Date of Award
Open Access Dissertation
Doctor of Philosophy (PhD)
Steven C. Tracy
African History | American Studies
This dissertation undertakes a comparative analysis of the musical, written, and spoken production of Sun Ra and Fela Anikulapo-Kuti with respect to the larger African Atlantic intellectual environment, situating the two artists as both shapers of an Atlantic intellectual culture as well as artists who were, in turn, shaped by that culture. Through a reading of their creative work, the dissertation argues that, even given the obvious cultural, temporal, and temperamental differences between Sun Ra and Fela, both artists' orientations toward musical composition and performance share similar preoccupations with the recitation of cultural memory and the dialogic creation of historical narratives which is called Composing the African Atlantic. In the dissertation the concept Composing the African Atlantic is proposed as a means of describing an African diasporic version of musical composition which includes many of the so-called extramusical elements of text and performance - audience participation and dialogue being key - as constitutive elements of composition such that, in their absence, the music is not fully realized. Stated in the active present tense (Composing), identified as culturally rooted (African), and formed within a broad and discursively contested space (Atlantic), Composing the African Atlantic describes the means by which composers such as Sun Ra and Fela Anikulapo-Kuti conceive of performance as an essential part of composition, enabling the musicians and audience to craft the true Text of the music through the activation of communal memory and the dialogic contestation of history. The result, in the case of both artists, is the creation of a singular compositional and performative style which maintains its connection to its core audience through the use of ritualized concert performance, the challenging of historical myths, and the performance of historical narratives which refute the Hegelian contention that Africa is "no historical part of the world." In the process, both artists assert that there is a common African cultural memory which exists throughout the African diaspora as a result, fundamentally, of the Atlantic slave trade, but which is also a living, contemporary, cosmopolitan dialectic of representation and re-presentation.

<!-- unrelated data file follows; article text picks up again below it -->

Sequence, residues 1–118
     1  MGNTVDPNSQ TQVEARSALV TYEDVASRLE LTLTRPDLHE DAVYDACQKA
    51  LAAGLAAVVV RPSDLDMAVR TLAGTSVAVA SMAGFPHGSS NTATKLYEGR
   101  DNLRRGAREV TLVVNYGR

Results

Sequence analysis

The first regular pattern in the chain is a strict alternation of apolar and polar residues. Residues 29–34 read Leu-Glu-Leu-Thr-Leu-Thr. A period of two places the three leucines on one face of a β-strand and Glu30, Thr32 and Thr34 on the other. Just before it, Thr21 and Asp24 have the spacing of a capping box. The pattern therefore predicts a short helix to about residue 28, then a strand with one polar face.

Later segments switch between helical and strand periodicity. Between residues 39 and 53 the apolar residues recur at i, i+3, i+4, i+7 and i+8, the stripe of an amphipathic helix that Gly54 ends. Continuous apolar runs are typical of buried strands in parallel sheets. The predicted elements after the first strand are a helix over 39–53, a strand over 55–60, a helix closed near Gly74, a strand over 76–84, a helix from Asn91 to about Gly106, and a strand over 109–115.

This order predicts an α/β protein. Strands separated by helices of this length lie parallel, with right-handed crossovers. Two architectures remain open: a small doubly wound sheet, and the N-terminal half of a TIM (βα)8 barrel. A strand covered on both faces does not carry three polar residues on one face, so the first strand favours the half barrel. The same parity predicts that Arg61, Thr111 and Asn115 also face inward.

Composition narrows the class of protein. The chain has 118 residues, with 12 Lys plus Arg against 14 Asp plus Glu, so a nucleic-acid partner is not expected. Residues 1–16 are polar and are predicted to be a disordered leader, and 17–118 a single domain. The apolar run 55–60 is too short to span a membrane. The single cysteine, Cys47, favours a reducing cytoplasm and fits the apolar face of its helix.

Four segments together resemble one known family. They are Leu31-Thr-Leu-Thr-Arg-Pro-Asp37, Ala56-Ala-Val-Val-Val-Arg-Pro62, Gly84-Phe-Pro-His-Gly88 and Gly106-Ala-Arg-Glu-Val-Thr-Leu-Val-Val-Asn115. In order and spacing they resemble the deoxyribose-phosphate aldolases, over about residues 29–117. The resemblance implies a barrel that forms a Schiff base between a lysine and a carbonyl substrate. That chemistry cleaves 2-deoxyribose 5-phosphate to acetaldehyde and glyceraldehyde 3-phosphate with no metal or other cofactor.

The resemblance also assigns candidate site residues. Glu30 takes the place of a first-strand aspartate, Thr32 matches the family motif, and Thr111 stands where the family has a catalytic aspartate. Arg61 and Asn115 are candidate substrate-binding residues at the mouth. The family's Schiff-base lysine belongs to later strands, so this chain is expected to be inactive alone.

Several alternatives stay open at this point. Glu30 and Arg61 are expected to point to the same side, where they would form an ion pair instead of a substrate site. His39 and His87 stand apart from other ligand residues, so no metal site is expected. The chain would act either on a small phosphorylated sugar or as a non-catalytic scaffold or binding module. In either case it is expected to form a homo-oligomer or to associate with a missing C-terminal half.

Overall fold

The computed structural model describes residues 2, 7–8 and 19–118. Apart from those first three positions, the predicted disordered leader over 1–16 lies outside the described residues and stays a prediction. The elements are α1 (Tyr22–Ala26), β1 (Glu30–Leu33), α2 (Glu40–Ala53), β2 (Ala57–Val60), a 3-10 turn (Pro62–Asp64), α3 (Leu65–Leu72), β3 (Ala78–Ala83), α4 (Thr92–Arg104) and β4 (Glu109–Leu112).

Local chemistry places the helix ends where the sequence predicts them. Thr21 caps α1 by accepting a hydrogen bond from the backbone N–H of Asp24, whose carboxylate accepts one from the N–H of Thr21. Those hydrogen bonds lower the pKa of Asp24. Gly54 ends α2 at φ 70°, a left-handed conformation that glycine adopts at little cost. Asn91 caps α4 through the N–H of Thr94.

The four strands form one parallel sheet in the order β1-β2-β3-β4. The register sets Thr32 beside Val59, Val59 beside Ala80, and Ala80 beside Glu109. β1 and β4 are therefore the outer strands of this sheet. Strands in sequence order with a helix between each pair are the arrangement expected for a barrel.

Carroll, James Gregory, "Composing the African Atlantic: Sun Ra, Fela Anikulapo-Kuti, and the Poetics of African Diasporic Composition" (2013). Open Access Dissertations. 738.